23 December 2018
Today as the sun was setting I was feeling nostalgic. I pulled out my old TLH and prayed Vespers, using the appointed Psalm for this Sunday and the Gospel reading and, of course, the antiphon for Magnificat "O Emmanuel." Our parish has used Evening Prayer almost exclusively for a number of years, and it is easy to understand why. It is a very beautiful liturgy and accessible. But there are days when I just miss plain old Vespers. In American liturgies the opening versicle from Matins was also stuck onto Vespers (not exactly sure how that came to be; I don't think any of the old Church Orders did that), but aside from that, Vespers is pretty much untouched from the way that Western Christians gathered to pray it for centuries. It has always had a soft spot in the pious hearts of God's people wherever it has been used. Opening Versicle(s) and Gloria Patri, Psalm(s), Lection, Responsory, possible sermon, Office Hymn, Versicle from Psalm 141 (or proper to the day), Magnificat with its antiphon, and the closing prayers (also simplicity itself: Kyrie, Our Father, Salutation, Collects, Benedicamus, or the Suffrages in place of the foregoing, particularly in penitential seasons). Again, American Lutheran liturgy added to the end as the beginning: a Benediction (the Apostolic). Vespers was just a wonderful way to welcome the evening lights and to do so with all the cleanness, directness, and simplicity of Western liturgy that I think the more ornate borrowing from the Oriental churches can't quite pull off. Not that Evening Prayer isn't beautiful and a gift; it is. Still, maybe it's just Christmas and remembering, but I do miss my old friend: Vespers.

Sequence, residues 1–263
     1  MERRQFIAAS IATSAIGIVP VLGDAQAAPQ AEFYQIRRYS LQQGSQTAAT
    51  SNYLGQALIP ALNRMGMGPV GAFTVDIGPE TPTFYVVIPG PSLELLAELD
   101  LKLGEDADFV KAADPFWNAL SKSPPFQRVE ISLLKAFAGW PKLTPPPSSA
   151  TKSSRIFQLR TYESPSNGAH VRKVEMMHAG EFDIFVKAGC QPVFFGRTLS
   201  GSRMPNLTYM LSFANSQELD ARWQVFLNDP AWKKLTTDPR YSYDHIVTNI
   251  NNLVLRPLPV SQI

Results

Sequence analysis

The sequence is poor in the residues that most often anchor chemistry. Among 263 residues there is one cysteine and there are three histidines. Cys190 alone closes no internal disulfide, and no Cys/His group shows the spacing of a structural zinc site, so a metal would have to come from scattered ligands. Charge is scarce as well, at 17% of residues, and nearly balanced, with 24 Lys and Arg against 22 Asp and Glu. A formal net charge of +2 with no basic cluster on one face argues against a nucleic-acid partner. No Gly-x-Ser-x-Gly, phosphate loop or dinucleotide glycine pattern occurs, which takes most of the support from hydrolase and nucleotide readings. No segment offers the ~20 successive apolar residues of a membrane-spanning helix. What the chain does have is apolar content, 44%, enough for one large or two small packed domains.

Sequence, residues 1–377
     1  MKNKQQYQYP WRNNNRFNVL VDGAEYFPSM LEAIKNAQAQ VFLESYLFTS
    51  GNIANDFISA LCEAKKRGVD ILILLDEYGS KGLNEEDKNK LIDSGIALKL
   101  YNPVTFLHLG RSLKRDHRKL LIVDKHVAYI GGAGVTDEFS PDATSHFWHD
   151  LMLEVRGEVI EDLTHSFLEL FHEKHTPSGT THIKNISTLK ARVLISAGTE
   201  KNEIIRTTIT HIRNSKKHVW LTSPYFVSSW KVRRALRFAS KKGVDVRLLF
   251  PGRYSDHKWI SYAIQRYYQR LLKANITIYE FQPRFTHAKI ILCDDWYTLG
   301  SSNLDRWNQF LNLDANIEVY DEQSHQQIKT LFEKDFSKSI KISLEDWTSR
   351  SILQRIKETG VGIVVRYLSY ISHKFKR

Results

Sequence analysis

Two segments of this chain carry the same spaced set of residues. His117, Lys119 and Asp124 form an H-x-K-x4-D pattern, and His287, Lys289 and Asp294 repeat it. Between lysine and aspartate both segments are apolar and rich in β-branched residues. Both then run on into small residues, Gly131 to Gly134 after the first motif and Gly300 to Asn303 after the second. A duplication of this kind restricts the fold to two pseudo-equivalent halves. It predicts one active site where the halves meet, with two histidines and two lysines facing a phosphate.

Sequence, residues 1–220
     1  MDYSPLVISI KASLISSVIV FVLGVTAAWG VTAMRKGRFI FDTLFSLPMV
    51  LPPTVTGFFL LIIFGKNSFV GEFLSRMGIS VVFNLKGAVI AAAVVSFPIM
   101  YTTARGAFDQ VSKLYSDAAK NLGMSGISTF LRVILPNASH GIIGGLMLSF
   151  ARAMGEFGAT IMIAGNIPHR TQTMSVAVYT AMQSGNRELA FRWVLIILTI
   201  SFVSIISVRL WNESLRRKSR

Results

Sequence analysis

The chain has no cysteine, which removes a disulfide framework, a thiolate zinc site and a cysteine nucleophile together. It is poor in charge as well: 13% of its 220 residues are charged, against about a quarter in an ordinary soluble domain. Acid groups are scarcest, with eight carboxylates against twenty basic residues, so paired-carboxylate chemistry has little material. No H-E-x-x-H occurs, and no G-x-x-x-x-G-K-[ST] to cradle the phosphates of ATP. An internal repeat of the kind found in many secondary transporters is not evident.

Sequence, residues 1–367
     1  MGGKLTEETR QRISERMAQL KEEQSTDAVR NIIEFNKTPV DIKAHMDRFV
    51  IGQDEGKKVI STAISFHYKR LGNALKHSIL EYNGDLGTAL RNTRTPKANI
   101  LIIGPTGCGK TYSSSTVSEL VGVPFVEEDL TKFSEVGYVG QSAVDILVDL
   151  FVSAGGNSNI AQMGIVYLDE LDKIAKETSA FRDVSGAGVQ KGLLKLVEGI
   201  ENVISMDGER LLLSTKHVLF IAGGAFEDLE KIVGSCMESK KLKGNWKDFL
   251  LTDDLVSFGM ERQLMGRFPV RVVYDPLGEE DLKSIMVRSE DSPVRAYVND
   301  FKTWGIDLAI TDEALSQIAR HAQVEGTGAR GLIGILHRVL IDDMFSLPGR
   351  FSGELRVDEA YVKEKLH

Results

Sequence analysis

Posted by William Weedon at 5:54 PM